Newcastle United have asked supporters to refrain from wearing mock headdresses following the club's takeover by a Saudi-backed consortium.
Some fans wore traditional robes and others headdresses for Sunday's Premier League game with Tottenham, the Magpies' first under their new owners.
The fans' actions are seen as a misguided show of support towards the new owners.
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Newcastle said that while their owners took no offence by the fans' attire, it could be considered stereotypical and culturally offensive.
The Premier League club, who sacked manager Steve Bruce on Wednesday, said in a statement: "Newcastle United is kindly asking supporters to refrain from wearing traditional Arabic clothing or Middle East-inspired head coverings at matches if they would not ordinarily wear such attire.
"A number of supporters have recently attended St James' Park wearing associated head coverings and robes, marking the takeover of the club by the Public Investment Fund (PIF), PCP Capital Partners and RB Sports & Media.
"No-one among the new ownership group was in any way offended by the attire of the fans who chose to celebrate in this way. It was a gesture that was acknowledged as positive and welcoming in its intent.
"However, there remains the possibility that dressing this way is culturally inappropriate and risks causing offence to others.
"All visitors to the club are, as always, encouraged to wear whatever is the norm for their own culture or religion, continuing to reflect the broad and rich multicultural communities and groups from which the club proudly draws its support."
PIF governor Yassir Al-Rumayyan - who has been appointed Newcastle vice-chairman - and part-owners Amanda Staveley and her husband Mehrdad Ghodoussi were present for Sunday's game, which their new side lost 3-2.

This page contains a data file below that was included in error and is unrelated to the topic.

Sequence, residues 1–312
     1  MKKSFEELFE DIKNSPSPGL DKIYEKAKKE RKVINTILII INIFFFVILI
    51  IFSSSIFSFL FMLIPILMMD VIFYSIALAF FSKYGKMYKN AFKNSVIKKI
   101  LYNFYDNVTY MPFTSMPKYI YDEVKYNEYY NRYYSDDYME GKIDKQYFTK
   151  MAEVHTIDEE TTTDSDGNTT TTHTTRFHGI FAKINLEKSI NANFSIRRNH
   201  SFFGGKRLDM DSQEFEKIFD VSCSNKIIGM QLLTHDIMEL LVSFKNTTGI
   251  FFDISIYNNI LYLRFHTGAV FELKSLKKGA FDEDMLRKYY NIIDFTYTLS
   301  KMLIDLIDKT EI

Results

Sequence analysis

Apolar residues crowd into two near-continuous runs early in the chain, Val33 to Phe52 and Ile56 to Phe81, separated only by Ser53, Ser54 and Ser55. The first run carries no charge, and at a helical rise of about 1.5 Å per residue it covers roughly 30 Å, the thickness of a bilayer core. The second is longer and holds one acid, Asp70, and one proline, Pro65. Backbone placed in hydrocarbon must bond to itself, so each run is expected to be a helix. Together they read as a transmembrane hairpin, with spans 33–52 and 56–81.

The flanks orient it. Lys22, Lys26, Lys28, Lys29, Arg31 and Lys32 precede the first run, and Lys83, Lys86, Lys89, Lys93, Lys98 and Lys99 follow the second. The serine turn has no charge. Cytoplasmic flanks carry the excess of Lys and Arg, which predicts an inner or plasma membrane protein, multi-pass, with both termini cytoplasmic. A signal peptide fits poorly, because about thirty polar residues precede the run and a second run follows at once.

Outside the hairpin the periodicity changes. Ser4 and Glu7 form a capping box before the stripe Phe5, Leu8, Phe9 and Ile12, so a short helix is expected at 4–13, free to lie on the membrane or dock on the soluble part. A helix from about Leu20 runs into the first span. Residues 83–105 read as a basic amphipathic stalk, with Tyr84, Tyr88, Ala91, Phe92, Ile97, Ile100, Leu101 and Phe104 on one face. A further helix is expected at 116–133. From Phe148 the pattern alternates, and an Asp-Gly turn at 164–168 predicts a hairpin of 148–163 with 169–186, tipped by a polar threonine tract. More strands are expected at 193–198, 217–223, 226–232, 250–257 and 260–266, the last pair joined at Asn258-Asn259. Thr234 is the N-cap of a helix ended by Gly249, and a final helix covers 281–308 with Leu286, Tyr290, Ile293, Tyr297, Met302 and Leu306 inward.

Premier League clubs voted on Monday to impose a temporary freeze on any of them signing commercial and sponsorship deals with businesses that have links to their club's owners.
The decision was made at an emergency meeting, after concerns were raised that Newcastle's Saudi Arabian owners could sign lucrative deals with Saudi state-owned companies.
Eighteen clubs voted in favour of the freeze, while Newcastle voted against and Manchester City abstained after their lawyers advised them the vote was unlawful.
The Premier League has declined to comment.
Premier League financial fair play rules allow clubs to make maximum losses of £105m over a rolling three-year period.
Any artificially inflated commercial deals would increase revenues coming into a club and allow them to get around the rules and spend more than they are allowed.
The temporary freeze will be in place for a month while talks are held about a permanent rule change.
One Premier League executive said: "If we didn't have the ban, there would have been nothing to stop Newcastle signing, say, a £100m naming rights deal for their stadium with a Saudi company linked to their owners.
"They could then have used that money to buy players in January and get around our financial fair play rules."